Articles and Posts from ISQ

The crisis in Iraq has recently reached another critical juncture as ISIS renames itself and declares an Islamic caliphate in the territory it currently controls, with Abu Bakr al-Baghdadi as Caliph. Below is a compilation of scholarly articles published in International Studies Quarterly that might give readers a better background understanding of the current situation.

What does this mean for Iraq's future?


Governments facing repeated attacks by transnational terrorist groups (such as ISIS) tend to respond by engaging in an increase in extrajudicial killings and disappearances. [Piazza & Walsh, 2009] 

 

The U.S.-sponsored democratization of Iraq was partially conceived as a means to help pacify the region. Yet [Miller, 2012] argues that it is not the level of democracy that determines a state’s war- or peace-proneness. Rather, it is the “state-to-nation balance” that better explains the degree of stability within a democratizing state.

 

The ethnic and religious composition of Iraq has long been the source of intense rivalry, political tension, and violent conflict. [Fox, 2002] examines the effects of religion on minority discrimination, concluding that religious differentiation has a unique influence on ethnic conflict.

 

The crisis in Iraq is the latest example of what [Agathangelou & Ling, 2004] describe as the transnationalization of “violence and insecurity in the name of national or communal security.” The resulting identities of ordinary Iraqis, ISIS members, and concerned third parties like the U.S. and Iran play out this “imperial politics.”

 

 

How will the current unrest in Iraq affect the rest of the region?


States plagued by chronic failure to establish order and effective rule of law are statistically more likely to host transnational terrorist groups on their territory, have their citizens participate in transnational attacks, and be the target of transnational terrorists. [Piazza, 2008] 

 

Pre-existing discord among the states within the region might actually benefit ISIS. [Maoz & San-Akca, 2012] demonstrate that state rivalries create opportunities for Non-state Armed Groups (NAGs) to acquire support and resources by strategically playing off existing enmity. They also show that a state’s decision to cooperate with NAGs increases the risk of escalation.

 

Using post-WWII Western Europe as a paradigmatic case study, [Ripsman, 2005] questions how war-prone regions stabilize. He concludes that there are two stages to peacemaking: the first engages in realpolitik to compel rivals to cooperate, while the second institutes liberal mechanisms to sustain that cooperation.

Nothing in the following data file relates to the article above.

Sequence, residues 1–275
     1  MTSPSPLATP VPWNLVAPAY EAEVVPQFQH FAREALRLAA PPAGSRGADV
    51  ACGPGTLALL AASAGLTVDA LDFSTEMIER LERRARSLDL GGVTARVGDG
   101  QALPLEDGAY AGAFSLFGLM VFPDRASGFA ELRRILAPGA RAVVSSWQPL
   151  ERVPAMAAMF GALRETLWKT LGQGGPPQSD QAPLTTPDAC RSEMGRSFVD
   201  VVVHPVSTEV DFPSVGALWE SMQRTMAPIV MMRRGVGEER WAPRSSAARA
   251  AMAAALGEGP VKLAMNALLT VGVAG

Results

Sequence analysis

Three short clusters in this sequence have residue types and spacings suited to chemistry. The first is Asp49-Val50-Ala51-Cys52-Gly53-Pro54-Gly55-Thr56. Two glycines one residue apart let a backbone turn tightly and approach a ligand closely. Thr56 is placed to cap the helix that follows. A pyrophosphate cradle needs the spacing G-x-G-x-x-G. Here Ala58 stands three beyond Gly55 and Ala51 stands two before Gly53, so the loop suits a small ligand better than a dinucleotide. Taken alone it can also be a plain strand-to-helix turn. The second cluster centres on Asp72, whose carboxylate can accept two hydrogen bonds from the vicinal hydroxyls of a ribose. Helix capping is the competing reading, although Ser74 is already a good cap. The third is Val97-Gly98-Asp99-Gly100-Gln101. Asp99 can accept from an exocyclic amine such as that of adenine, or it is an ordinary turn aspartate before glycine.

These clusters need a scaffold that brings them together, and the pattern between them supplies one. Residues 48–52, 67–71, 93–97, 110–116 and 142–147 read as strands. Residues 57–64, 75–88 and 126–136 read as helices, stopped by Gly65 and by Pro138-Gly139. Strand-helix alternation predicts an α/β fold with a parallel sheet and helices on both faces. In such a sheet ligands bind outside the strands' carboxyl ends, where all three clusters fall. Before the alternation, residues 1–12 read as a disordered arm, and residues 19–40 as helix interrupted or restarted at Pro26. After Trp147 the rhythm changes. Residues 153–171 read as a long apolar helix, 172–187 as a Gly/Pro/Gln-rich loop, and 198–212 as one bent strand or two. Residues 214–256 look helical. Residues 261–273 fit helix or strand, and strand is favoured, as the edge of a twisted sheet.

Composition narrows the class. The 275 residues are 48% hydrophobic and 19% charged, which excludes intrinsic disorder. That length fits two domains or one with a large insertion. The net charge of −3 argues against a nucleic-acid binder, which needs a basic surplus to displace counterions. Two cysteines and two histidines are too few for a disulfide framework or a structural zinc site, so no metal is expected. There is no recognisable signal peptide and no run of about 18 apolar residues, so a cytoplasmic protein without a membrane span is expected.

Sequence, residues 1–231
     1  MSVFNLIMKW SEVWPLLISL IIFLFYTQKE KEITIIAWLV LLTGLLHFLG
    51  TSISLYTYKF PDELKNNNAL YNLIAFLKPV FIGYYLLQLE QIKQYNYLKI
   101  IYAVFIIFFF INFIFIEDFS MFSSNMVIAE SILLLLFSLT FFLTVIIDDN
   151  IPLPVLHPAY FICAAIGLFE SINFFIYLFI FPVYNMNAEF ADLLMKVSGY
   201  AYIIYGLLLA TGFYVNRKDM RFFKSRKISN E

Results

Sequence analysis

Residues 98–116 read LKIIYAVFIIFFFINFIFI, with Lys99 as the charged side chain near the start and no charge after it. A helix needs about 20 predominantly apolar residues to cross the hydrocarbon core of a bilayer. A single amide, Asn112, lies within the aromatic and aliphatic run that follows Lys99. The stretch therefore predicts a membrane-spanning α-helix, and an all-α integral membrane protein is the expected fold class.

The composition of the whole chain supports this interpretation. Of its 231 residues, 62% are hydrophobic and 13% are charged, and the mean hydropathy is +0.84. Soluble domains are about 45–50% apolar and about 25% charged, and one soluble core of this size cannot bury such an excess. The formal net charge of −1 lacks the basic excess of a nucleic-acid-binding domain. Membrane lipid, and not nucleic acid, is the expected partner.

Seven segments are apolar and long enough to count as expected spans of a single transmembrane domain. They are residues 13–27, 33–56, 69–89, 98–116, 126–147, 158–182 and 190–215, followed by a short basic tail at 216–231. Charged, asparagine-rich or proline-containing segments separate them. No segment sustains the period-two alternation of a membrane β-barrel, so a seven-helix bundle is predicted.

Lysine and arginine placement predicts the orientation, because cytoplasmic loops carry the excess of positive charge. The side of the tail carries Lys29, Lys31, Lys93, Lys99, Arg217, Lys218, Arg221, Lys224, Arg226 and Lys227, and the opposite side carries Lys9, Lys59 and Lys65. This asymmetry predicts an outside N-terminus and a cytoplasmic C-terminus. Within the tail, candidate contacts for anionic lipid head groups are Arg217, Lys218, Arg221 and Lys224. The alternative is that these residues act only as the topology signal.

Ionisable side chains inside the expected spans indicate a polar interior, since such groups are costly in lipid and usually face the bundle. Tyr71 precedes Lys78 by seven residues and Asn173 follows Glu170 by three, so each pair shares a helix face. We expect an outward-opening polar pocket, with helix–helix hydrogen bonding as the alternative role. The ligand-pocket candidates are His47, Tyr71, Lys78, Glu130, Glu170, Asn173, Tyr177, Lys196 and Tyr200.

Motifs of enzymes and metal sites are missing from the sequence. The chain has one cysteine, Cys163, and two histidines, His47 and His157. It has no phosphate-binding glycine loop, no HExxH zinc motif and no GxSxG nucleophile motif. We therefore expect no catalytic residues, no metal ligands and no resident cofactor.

[Owen, 2005] argues that there is an increased likelihood that regional alliances will form along ideological lines when faced with a threatening transnational rival ideology. He also contends that this pattern of behavior exacerbates the security dilemma.

 

 

To what extent will or should the USA, EU, and/or other parties get involved?

 

Overt military intervention that directly challenges the perpetrator is the most effective in slowing or stopping the killing during ongoing instances of genocide or politicide. [Krain, 2005] 

 

[Widmaier, 2007] analyzes the role of presidential rhetoric in the construction of crises (such as the War on Terror or the current Iraq crisis) to determine how U.S. foreign policies are legitimated, constrained, and sutured into common understandings of American identity.  

 

Iraq is a “significantly intervention-prone conflict,” which means that the likelihood of regional war is substantial without some sort of U.S./coalition presence in the country. [Biddle, Friedman, & Long, 2012] 

 

Obama recently reported that the U.S. would increase weapons transfers to Syrian rebels fighting the Assad regime. [Blanton, 2005] investigates the relationship between U.S. arms sales as foreign policy instrument and the promotion of human rights and democracy, finding that the latter play a meaningful role in determining arms transfers.  

 

Scholarship on intervention in international crises reveals that while U.S. involvement is largely determined by alliance commitments and opponent actions, exports also play an indirect role in shaping long-term alliance obligations. [Fordham, 2008]

 


Is ISIS here to stay?


The longevity of terrorist groups seems to be related to the number of cooperative relationships a group has with other similar organizations, although this is conditioned by the characteristics of the state in which the group operates. [Phillips, 2013] 

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